Lexy M: Well, it is everywhere but we are concerned with Rivers State because as entertainers, it is affecting what we are doing. Most of our events fall in the evenings. People want to finish from work and attend shows and laugh and be happy but people are scared to come out these days because terrible things happen for political reasons. We want to also beg our elders who are in politics to play politics with love. It is just a competition that will end when the results are mentioned. The problem with Rivers State is that even when the results are mentioned, the fight continues. We are begging the elders to take it easy on themselves. We also want to specifically beg the youths to abstain from being used. If the youths tell the elders “we will not fight for you”, it will stop. The youths don’t play politics with the elders, they play survival because they need means to survive. So they throw money to them to act, but you can collect their money and do no such thing for them. By the time you collect once, twice, thrice and nothing happens, they will stop giving. It is the responsibilities of the youths to say NO to violence. Most protests by the youths in Rivers State are sponsored by politicians. The one that touched the most was the one that happened recently. There was a 7-storey building collapse and we were still trying to get people out from the rubble. Families were bereaved. People were still trying to see what could be done yet there was a political rally. What was that for? Your fellow youths were under somewhere dying and you were in the streets jumping up? We should be able to know when to play politics and when to act politics.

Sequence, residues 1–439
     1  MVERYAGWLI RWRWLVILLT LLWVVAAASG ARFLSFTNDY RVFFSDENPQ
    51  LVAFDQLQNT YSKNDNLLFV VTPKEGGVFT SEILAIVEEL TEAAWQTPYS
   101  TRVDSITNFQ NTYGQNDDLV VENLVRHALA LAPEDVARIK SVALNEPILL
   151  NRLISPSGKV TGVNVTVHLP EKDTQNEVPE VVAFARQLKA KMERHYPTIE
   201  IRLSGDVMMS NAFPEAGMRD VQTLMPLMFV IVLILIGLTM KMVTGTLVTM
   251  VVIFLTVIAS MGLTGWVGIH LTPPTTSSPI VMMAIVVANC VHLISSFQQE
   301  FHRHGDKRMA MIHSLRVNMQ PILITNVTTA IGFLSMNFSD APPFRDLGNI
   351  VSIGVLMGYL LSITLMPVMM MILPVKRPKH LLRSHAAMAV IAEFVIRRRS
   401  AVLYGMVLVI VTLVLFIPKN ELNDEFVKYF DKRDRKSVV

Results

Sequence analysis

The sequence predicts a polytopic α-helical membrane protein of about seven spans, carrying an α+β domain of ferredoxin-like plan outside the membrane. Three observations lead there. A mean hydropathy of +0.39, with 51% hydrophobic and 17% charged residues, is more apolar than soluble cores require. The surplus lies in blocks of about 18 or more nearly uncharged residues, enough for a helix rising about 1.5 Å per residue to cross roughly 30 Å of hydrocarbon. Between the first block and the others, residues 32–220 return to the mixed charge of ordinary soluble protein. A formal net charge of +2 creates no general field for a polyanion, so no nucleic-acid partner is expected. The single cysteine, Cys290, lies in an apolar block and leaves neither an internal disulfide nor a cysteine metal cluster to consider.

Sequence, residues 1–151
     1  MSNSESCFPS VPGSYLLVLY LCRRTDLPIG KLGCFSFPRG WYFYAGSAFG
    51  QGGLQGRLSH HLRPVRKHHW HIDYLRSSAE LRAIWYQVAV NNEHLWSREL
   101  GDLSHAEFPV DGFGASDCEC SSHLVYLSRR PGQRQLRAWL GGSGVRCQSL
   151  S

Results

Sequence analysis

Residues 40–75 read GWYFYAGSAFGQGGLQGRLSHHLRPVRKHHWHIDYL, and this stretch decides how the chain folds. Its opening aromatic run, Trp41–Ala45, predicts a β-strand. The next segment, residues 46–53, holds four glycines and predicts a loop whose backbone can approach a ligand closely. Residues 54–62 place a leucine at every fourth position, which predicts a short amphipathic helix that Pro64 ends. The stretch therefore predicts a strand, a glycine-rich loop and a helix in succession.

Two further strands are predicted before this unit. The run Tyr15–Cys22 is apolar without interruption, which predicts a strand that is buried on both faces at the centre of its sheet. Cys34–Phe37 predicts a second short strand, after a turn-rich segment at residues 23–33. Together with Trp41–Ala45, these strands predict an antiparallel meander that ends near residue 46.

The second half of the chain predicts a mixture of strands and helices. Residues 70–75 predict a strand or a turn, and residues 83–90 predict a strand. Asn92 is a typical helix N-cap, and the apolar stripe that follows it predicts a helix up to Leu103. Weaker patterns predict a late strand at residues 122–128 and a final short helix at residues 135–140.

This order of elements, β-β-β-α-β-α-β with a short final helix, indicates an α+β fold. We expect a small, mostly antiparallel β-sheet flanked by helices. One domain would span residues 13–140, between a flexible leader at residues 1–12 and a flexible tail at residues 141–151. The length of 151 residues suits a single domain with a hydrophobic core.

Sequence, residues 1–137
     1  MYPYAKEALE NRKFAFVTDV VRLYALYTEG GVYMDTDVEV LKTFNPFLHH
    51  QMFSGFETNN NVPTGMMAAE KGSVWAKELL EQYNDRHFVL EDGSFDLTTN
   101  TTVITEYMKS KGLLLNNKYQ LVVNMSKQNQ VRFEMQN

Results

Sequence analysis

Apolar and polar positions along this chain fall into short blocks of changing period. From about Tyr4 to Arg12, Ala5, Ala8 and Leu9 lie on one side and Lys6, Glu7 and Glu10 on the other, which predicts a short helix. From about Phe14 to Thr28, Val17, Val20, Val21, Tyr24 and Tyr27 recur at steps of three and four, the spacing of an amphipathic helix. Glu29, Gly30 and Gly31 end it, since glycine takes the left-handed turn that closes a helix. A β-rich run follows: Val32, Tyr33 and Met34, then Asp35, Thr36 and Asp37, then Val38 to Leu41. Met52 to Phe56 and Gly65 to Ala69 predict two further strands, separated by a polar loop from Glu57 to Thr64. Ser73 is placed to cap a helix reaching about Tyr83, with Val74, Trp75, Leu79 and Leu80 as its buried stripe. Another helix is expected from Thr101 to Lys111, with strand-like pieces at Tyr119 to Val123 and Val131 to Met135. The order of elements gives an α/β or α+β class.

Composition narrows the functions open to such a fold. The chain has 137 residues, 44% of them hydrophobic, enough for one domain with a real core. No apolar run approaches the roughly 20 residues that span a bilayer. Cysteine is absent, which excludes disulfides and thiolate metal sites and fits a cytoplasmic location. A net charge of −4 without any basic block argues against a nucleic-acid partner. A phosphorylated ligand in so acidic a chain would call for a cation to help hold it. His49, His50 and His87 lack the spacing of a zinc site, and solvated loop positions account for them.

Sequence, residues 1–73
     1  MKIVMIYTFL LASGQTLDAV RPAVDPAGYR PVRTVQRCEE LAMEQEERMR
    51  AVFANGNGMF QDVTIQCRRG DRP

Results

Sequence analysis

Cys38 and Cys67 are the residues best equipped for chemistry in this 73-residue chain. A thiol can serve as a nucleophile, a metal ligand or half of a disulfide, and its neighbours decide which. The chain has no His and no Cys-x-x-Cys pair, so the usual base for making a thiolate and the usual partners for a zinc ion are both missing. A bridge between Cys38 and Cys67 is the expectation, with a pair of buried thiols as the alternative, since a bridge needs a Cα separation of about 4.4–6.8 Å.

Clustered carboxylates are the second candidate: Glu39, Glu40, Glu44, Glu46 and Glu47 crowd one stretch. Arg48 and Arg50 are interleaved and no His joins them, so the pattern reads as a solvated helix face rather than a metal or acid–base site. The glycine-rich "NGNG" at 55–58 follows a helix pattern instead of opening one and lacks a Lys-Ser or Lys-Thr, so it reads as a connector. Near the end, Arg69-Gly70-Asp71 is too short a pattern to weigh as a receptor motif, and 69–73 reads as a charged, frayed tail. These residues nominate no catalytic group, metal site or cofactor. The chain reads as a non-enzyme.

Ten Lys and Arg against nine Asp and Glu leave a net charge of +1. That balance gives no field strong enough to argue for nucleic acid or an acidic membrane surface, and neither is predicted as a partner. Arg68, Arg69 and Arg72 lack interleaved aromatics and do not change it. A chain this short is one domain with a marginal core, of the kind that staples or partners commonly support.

TPCN: So there should be a massive awareness for the youths in that regard?
Lexy M: Somebody is already doing that. Ledum Miite, the former MOSOP president is running a campaign that sensitize people on the need to vote individuals and not political parties.
TPCN: Looking at our present political structure, won’t that be hard to achieve?
Lexy M: It is very simple. Thank God they have all done first tenures. Don’t tell me to vote for PDP or APC. Vote for people based on their capabilities.
TPCN: Do you think that youths participation in the state is increasing?
Lexy M: No. the youths are still in the minority in Rivers Politics. We have been short-changed. The commissioners in the present government, how many youths are there? When was the last time you heard the commissioner for youths addressing youths-related issues in the state? We don’t even have an SA on youths to the governor. So who speaks for the youths? They just use the youths and dump them and they dump them to us who will become their victims (laughs)